How people are getting to the airport is different. Prior to the pandemic, demand outpaced supply for our parking options. The use of car and taxi services was skyrocketing, and we were making significant investments in high-occupancy-vehicle alternatives to reduce congestion on Logan’s roadways as well as the gateways to the airport. Now, we’re finding more people are being picked up and dropped off by family or friends, as opposed to coming in their own vehicles or taking an Uber, Lyft, or taxi to get here. We’ll need to adjust our ground-transportation strategy as travelers change how they get to and from Logan.

One of our greatest strengths is the fact that we have really strong relationships and great communication with all our business partners, starting, of course, with the airlines—but also with all the federal agencies that operate here and our concessions. That started nearly 20 years ago on 9/11, when we began what we call our “8:30 security meeting.” It was a way to bring the entire airport community together to talk about security-related issues. Today, we continue to bring the entire airport community together every single day of the week. That’s been critical not only to communicate about safety- and security-related issues but also, in the case of the pandemic, to communicate about the things we’re doing and our partners are doing to ensure the safety, health, and security of the traveling public and our workers.

One of our greatest strengths is that we have really strong relationships and great communication with all our business partners.

‘One of my lessons learned is to value flexibility and agility’

When I think back to those early days [of the pandemic], the data was changing rapidly. It’s not that the data was changing weekly or daily. It was changing hourly. We would be making decisions, and two hours later new information would emerge that would potentially alter decisions we had to make. In situations like this crisis, where, frankly, there was no playbook anyone could turn to for all the right answers, I had to communicate to my team that they had to be adaptable and flexible. And that everything was going to change very quickly.

We were very intentional with our communication across the organization—to our unionized workforce, management, all levels. We tried to be transparent and authentic and to be up front with people about the reality of the situation.

It was important for me as a leader to admit, look, we may not always get this right the first time, but what we will do is be analytical in our thought process and assess each decision we make. And we’ll adapt quickly as the information changes. That’s important for leaders in a crisis because oftentimes people expect that you’re going to have all the answers and that you’re going to get it right 100 percent of the time out of the gate. I myself have had to adapt as a leader. I have to embody that flexibility if I’m going to expect that from my teams.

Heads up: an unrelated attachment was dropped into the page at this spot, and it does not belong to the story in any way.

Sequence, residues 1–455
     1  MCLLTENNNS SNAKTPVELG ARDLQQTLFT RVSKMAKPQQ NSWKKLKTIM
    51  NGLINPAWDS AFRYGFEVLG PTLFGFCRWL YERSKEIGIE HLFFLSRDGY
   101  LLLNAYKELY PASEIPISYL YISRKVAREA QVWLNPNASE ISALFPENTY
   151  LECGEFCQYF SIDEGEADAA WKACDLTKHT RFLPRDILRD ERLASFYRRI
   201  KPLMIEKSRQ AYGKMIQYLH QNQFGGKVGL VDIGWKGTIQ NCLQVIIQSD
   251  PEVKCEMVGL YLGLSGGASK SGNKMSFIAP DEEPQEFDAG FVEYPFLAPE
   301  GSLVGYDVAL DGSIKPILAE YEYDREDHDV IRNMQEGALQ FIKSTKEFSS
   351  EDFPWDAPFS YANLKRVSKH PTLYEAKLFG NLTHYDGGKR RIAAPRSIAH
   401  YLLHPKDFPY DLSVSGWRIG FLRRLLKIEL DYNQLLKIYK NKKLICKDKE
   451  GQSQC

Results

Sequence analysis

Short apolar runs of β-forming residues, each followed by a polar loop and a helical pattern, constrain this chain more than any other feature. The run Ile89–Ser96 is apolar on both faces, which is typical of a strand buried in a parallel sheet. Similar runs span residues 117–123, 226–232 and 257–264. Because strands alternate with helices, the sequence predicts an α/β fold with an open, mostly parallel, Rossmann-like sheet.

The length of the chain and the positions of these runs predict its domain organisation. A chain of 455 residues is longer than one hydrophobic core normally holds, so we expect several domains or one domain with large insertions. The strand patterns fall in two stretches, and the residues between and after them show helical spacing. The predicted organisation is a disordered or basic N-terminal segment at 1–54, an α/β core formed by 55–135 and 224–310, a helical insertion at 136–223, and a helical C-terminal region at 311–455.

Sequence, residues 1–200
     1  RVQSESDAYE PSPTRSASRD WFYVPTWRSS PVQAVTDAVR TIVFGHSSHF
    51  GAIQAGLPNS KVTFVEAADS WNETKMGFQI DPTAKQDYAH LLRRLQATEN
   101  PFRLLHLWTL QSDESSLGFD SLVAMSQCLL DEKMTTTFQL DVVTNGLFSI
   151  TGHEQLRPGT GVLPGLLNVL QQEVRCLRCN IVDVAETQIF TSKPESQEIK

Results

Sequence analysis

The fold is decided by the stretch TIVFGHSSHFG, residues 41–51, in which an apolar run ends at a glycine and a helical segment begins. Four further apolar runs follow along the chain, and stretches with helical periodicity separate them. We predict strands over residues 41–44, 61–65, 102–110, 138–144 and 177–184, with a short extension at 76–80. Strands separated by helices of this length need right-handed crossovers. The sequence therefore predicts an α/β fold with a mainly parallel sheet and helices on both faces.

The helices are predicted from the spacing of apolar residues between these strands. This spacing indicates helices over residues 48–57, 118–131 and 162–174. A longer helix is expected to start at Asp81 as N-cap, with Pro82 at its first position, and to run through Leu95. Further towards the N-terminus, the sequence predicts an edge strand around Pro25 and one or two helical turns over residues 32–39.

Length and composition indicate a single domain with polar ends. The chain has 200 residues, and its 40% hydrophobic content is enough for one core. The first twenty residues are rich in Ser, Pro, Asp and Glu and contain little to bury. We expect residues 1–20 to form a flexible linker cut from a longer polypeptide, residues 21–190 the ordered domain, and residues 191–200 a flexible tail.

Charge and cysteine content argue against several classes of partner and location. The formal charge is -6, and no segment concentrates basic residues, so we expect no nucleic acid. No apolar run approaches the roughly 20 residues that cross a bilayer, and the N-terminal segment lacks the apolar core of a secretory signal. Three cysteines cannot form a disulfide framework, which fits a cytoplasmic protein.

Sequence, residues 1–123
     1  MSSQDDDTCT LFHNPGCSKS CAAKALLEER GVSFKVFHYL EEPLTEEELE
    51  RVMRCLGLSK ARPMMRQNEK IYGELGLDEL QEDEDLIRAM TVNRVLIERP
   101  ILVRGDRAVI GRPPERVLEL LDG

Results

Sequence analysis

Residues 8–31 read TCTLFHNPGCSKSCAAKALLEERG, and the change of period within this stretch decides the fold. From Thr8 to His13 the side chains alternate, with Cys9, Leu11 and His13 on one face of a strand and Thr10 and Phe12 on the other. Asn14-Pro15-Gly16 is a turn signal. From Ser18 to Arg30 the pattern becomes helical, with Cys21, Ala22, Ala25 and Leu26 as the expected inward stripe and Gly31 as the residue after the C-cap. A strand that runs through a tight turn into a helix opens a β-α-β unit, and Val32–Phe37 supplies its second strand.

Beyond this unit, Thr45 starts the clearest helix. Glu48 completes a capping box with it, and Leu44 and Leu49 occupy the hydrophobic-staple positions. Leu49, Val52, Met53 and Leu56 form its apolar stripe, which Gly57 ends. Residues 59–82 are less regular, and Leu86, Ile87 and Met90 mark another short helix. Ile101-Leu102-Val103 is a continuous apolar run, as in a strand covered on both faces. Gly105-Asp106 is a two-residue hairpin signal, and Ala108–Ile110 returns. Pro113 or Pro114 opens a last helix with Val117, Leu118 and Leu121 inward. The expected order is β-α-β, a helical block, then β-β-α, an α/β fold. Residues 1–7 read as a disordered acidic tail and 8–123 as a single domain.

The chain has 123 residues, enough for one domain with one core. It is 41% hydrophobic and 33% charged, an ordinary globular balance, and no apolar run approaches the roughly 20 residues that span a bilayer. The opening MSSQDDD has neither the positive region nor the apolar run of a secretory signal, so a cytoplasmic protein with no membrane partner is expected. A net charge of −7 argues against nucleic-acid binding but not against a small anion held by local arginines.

Our organization is somewhat uncomfortable with not getting things right the first time. You have to do a risk assessment on where you can take some of those risks—where you might be able to try things, and if you don’t get it right, it’s recoverable. And then assess what are the things that are so critical you cannot get them wrong. We have a good understanding and are very clear on those priorities and what our risk tolerance is. Given our history with the events of September 11th, for example, the safety and security of our critical transportation facilities is our number-one goal. If we do nothing else, we have to get that right.

A marathon, not a sprint

We’re focused on agility, particularly around our capital investments. We have these major strategic projects that cost hundreds and hundreds of millions of dollars, and they are important in aiding in the recovery. But there are so many uncertainties, including our own financial situation. How long will this pandemic last? What will our business partners want and need? What will the industry look like in the future? We’re methodical before we do anything, but this crisis has shown us that we can’t always operate in the same old ways. Sometimes we have to act and figure out in real time if we got it right. And if we didn’t, quickly move on and adapt. That takes a different mindset. We’re working on that, and everyone is doing a good job getting there. I think we will emerge as a more flexible, agile organization over the next few months and years.

Looking back, the advice that I would give myself—knowing what I know now—is that this is a marathon, not a sprint. I would tell myself: prepare yourself and your teams for the marathon and be ready for the course to change.

Comments and opinions expressed by interviewees are their own and do not represent or reflect opinion, policy, position, or endorsement of or by McKinsey & Company.